Photo: Flickr/Creative Commons, Makelessnoise.

“If you don’t want to talk about this, or if you can’t, maybe you could just pray for a tornado to hit your parents the day before they get sick.”  – Shlomo F. Kreitzer, retired psychologist.

Rarely do I meet people who want to talk about planning for a loved one’s future aging and end of life. Rather, I meet then when they are in crisis, when they are already under tremendous stress to make decisions too quickly based on too little information.

I know because I was one of those adult daughters who thought my father would go on forever functioning independently. How wrong I was and how we both suffered as a result of my denial. This denial can lead to countless problems, stresses and ultimately to caregiver illness or depression.

Discussions with aging parents about how they envision their lives in the future should be held sooner rather than later. Photo: Flickr/Creative Commons, L.F.Lee.

Someone – either the adult child or parent – has to start the conversation about a parent’s plans for the future. Otherwise, a crisis will do it for you.

Caregiving can start gradually or it can start suddenly with a desperate phone call in the night. However it starts, in all probability you won’t be ready.

Key discussion points between parents and their adult children

  1. Ask parents what they want as they age. If they want to stay in their own home, should they be looking at home renovations to make it easier to go up and down stairs or use the bathroom if a wheelchair is or may be required?
  2. Understand the critical role of legal and financial planning. Start to gather information about your parents’ financial security. Learn where original documents are stored. Ensure your parents have prepared necessary documents, such as wills, advance directives and powers of attorney. Be prepared for some emotional encounters, but don’t give up.
  3. If you have siblings, talk about how you plan to divide responsibility for your parents’ wellbeing. Another way to start the conversation is to call a family meeting. This way everyone – parents and adult children – will understand the challenges and all will have a chance to participate in the solutions.
  4. If a parent live with a particular disease – heart or stroke, arthritis, diabetes, dementia – learn all you can now about the disease and what a caregiver can expect as it progresses.
  5. Learn about the healthcare system where your parents live and understand what alternate accommodations exist, how home care operates and what social services are available. Understand what the government does and does not pay for.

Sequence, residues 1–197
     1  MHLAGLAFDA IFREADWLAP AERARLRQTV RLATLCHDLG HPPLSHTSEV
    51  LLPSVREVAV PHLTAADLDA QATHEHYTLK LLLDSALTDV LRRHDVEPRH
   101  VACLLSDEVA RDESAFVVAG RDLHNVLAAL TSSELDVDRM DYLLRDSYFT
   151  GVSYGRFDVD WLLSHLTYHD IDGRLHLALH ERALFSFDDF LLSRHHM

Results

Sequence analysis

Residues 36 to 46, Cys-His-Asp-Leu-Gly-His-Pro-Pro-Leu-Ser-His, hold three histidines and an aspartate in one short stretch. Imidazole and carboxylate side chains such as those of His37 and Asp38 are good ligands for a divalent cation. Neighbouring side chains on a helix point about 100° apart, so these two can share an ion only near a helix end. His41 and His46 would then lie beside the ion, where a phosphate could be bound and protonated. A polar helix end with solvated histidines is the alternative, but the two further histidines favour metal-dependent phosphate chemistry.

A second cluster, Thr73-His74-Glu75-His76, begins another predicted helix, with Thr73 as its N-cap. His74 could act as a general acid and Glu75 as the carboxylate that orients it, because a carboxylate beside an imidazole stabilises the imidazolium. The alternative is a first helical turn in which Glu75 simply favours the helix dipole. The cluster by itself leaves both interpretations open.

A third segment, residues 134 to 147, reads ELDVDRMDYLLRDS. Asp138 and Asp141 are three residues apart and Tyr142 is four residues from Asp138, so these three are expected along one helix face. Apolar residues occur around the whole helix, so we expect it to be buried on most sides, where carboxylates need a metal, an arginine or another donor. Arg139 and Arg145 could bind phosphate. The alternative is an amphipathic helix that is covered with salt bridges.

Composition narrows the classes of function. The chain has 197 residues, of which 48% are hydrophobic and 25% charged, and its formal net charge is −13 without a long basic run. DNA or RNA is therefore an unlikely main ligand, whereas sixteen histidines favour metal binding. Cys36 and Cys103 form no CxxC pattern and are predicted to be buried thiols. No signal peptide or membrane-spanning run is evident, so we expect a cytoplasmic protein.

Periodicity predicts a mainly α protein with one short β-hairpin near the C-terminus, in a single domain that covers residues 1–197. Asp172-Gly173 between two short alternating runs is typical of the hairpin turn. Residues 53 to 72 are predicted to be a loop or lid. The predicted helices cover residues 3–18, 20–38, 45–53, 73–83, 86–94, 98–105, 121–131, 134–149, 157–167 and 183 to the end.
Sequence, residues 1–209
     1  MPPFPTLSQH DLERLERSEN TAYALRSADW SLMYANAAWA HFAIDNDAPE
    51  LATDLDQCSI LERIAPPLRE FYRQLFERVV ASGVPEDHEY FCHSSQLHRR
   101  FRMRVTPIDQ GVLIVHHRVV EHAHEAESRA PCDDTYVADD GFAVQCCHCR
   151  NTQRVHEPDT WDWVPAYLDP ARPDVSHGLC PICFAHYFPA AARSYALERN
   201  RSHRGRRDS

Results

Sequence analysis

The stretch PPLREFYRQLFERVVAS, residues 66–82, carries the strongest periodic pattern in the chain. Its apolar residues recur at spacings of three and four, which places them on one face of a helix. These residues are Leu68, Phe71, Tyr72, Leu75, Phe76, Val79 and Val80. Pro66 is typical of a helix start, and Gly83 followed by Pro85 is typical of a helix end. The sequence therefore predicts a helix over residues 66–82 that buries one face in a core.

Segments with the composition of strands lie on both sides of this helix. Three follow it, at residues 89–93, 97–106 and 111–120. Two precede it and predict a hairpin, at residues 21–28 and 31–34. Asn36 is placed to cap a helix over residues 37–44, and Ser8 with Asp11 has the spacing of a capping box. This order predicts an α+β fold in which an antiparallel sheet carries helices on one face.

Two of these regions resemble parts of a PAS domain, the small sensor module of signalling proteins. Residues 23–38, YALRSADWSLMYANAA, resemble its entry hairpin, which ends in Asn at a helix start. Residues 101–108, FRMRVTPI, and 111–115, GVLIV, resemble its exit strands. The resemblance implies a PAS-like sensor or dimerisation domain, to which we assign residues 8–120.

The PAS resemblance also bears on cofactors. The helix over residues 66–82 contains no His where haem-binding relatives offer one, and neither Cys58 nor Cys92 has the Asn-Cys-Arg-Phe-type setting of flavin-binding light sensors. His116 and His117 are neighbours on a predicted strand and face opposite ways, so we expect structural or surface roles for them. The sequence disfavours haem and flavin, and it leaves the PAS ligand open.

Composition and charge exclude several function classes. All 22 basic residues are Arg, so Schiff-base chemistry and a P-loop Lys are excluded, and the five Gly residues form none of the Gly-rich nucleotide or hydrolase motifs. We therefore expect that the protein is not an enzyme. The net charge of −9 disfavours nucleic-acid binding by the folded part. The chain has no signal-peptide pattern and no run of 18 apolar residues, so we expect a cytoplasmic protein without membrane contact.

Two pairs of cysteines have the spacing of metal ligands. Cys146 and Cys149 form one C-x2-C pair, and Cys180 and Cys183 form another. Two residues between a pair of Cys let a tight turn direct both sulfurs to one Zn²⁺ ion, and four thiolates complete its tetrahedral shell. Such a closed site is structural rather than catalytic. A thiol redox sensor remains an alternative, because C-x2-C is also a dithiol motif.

6. Talk to your employer about your EAP program or other benefits that may assist family caregivers.

    Avoid these common mistakes
  • Don’t make promises you may not be able to keep i.e. ‘You can always live with us’ or ‘I’ll never put you in a care facility.’
  • Don’t concentrate on what your parents can’t do as they age. Focus on maximizing what they can do.

Some must do’s

  • Become educated and aware.
  • Understand and accept your feelings both positive and negative.
  • Talk with others also in your situation.
  • Involve your parents in decision making, whenever possible.
  • Ask for help. You can’t do it alone.

Think ahead and prepare yourself and your parents for what will happen, so when it’s all over you can honestly say: “I did the best that I could.”

Open communication about the future is the most powerful tool you have to help ensure you and your parents age gracefully together. It’s never too early to begin the critical care conversation.

About Karen Henderson
As the result of a life changing 14-year dementia care experience involving her father, Karen Henderson founded the Long Term Care Planning Network, a resource centre for aging and long-term care planning and education. She is a well-known speaker, educator, writer, publisher and consultant in the field of caregiving and long-term care. Anderson works with Canadians and their professional advisors across Canada to help them understand the implications of aging and long-term care on financial, personal and family wellbeing.